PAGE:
Carleton University’s president Roseann O’Reilly Runte wrote an article today on the technological changes higher education face in the Globe and Mail (which may be behind a paywall for some of you). I’ve provided some out of context quotes to pick apart her argument.
“Technology brings additional information on learning styles and helps assess rapidly what has been retained, allowing lectures to be adapted to students’ needs and to be made more meaningful.”
While it can bring additional information – it takes some presumptive leaps to determine learning styles (if those even exist) based on how many times a person logs into an LMS or how long they spend on a piece of content. Also, assessing what has been retained, is well self-explanatory. Shouldn’t we be testing whether the knowledge gained is applied in a logical manner? Who cares if the student knows who the King of France is in 1560, shouldn’t we care about what is important about that person in a historical context? It’s useful to know if a student has basic knowledge, but with google, bing and wikipedia at our easy access, shouldn’t we care more about access to those tools and using that knowledge rather than the base fact that a student knows something?
And don’t get me started on making lectures able to be adapted to a student’s need… a lecture appeals to certain students – whether that’s in class, online or on Khan’s Academy or YouTube.
“Classes can combine Internet connections, Skyped conversation, video-teleconference and satellite hookups with videos and segments of Massive Open Online Courses (MOOCs) produced around the world. Students can benefit from international online discussion groups. All of this enriches the learning experience and represents considerable up-front investment with intensive labour commitments from faculty and technical support.”
Actually, very few instructors do this because each University is stuck in their own silo, based on the last fifty years of in-fighting and competition for enrollments. Why collaborate with your enemy when they will take your students while you repackage their lectures? Yes, these things can be done, but often are not because of a myriad of factors – competition with other institutions (rather than collaboration), ego, discipline specific content, unique selling propositions of individual institutions, technical know how, and cost. Those costs don’t magically disappear after introducing the innovation – it takes continued effort and improvement, which is a continued cost. MOOCs (as EdX, Udacity, Coursera and the like) are used by many institutions as a loss-leader – a way to build a brand and maybe it serves the community (maybe it just serves itself as Coursera has found).
“MOOCs will soon conquer the mechanical glitches which have been highly publicized. Some have already solved the evaluation and accreditation issues. When this becomes the normal process, students across the world will have the option of taking a history class at 8:00 am on Friday or the Ivy League professor’s MOOC any time. Students will then ask for transfer credits.”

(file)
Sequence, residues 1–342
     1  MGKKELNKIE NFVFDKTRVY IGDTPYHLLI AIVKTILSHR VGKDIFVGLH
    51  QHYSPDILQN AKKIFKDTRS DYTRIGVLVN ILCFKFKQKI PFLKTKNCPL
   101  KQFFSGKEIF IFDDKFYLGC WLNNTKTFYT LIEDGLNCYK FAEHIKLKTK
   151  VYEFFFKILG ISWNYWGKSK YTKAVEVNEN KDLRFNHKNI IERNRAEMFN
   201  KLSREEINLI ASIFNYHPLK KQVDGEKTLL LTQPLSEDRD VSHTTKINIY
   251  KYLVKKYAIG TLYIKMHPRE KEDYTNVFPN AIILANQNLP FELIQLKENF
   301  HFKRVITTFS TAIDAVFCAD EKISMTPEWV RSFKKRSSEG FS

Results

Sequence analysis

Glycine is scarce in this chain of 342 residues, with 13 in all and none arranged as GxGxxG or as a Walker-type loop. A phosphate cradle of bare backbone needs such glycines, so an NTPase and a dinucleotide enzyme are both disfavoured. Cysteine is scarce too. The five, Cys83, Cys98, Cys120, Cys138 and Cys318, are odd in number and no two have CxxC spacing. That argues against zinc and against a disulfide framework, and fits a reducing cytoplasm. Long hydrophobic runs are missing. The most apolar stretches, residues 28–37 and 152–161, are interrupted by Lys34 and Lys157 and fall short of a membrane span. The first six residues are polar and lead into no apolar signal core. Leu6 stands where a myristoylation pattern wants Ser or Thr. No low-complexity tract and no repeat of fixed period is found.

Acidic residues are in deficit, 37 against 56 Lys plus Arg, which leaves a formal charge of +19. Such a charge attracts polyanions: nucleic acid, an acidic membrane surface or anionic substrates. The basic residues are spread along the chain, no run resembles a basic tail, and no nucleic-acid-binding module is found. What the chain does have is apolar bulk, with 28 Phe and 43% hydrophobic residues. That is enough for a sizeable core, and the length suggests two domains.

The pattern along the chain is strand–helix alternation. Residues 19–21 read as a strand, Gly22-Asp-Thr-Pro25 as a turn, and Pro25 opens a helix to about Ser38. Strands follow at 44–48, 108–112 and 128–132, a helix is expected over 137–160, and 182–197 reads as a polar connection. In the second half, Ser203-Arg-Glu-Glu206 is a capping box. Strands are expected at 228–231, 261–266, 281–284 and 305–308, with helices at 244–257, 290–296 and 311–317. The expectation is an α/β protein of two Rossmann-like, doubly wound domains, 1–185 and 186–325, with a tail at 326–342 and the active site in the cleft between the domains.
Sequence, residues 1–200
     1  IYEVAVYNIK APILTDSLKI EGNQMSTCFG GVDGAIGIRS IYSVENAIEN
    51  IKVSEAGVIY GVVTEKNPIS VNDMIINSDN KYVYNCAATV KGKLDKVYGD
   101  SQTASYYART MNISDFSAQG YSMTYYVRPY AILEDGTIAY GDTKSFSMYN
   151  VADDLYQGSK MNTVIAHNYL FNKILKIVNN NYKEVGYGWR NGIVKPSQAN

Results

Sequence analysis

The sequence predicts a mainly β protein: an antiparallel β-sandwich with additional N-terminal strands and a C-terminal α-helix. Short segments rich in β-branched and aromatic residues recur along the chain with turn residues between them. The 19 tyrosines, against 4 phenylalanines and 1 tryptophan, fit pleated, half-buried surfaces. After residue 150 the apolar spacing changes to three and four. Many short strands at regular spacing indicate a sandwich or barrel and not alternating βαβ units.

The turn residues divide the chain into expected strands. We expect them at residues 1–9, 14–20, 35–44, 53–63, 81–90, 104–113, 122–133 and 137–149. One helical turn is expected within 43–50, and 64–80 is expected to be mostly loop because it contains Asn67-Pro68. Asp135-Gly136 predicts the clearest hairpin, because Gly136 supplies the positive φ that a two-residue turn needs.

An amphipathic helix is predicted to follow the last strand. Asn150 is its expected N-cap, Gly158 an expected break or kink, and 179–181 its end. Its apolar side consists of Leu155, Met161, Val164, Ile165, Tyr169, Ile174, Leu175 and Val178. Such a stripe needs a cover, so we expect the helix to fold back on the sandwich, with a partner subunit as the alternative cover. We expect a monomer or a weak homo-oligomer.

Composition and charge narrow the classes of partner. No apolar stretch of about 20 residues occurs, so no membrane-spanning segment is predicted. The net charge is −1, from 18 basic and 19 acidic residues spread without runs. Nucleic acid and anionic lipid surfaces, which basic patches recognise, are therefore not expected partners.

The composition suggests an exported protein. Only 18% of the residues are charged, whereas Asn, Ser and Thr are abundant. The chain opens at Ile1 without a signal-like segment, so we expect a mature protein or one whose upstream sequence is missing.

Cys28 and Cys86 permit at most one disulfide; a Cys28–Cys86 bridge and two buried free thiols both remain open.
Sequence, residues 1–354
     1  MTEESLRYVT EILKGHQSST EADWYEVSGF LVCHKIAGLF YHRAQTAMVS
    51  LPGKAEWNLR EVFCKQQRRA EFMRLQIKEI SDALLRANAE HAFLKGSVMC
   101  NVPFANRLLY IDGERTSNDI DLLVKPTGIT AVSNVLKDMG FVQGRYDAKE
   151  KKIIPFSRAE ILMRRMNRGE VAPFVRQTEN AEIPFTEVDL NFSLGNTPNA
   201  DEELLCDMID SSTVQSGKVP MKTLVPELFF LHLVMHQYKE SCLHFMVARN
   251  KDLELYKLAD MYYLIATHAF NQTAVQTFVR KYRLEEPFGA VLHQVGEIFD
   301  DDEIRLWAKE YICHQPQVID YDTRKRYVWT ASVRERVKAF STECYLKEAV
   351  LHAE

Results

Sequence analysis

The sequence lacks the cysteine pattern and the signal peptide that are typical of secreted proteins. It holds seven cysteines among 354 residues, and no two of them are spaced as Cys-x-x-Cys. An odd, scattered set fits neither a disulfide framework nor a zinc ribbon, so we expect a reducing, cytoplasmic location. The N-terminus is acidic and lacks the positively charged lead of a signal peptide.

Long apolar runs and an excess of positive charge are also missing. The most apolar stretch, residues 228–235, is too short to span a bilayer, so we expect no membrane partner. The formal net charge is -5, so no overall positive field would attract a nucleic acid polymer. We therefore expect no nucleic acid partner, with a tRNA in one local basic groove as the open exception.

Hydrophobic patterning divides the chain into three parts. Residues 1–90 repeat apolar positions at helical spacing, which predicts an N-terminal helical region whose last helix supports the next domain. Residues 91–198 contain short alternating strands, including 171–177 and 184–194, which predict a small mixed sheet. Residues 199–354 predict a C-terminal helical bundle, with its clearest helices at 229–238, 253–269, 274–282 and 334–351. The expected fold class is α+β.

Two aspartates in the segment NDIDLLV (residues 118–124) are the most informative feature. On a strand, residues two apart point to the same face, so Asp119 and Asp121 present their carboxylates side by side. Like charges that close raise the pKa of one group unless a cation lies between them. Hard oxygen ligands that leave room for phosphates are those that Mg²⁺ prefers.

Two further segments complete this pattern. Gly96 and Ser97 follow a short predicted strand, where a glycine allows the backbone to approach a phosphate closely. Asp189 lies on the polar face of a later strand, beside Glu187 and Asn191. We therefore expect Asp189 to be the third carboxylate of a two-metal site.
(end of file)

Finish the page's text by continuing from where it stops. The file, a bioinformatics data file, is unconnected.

Oh, of course, evaluation is solved… well not really. Sure in math there’s a right and wrong way to do things – so a multiple choice, or fill in the blank can assess that (assuming the student has actually entered the answer and done the work). Other disciplines that require interpretation could crowd source the evaluation like Coursera does. Which is fine, but not exactly impartial or valuable (in many people’s experience). I guess my snide commentary is that it mimicks really well the higher education evaluations used. Honestly though, transfer credits are difficult enough to ascertain based on current standards in Ontario (I’ve tried to get my Athabasca University credits recognized at another institution for a prerequisite and was told I had to take it locally to get credit for it) – again this is a problem the system has to address, and not something that technology will particularly solve.
“How can this lead to cost reductions? The savings can accrue rapidly if the course is massively enrolled and subsections are taught by less well-paid individuals; or if the course lasts several years and the designers and lead professor may be paid over time.”
Clearly this is the crux of the cost-reduction argument. Reduce the pay of the experts creating these courses, and teaching these courses to massive numbers. Increase enrollment in first year and if they don’t succeed they can come back next year and try again in the same environment. The average sessional at my University is already making peanuts (on top of having paid out a lot for their PhD) – lets cut their pay too. If I were at Carelton, and a faculty member, I’d underline this and make sure it was front and centre at the next negotiation.
I’ve been fairly critical of the statements about technology being a panacea for all that ills higher education; it’s not and it never will be. To create a quality e-learning piece, it takes often 10 times the amount of time, and usually the same amount of cost to produce. So logically, you’ll have to use that item at least 10 times before it makes a return on your investment. If it’s a lecture that’s been professionally captured, captioned (as required by law in 2014), audio tweaked and perfected, slides intercut with video, title cards for the beginning and end, and you deliver that lecture once a year, you’ll have to wait 11 years for that to make any return. Think your video format will be out of date? How about the content itself?
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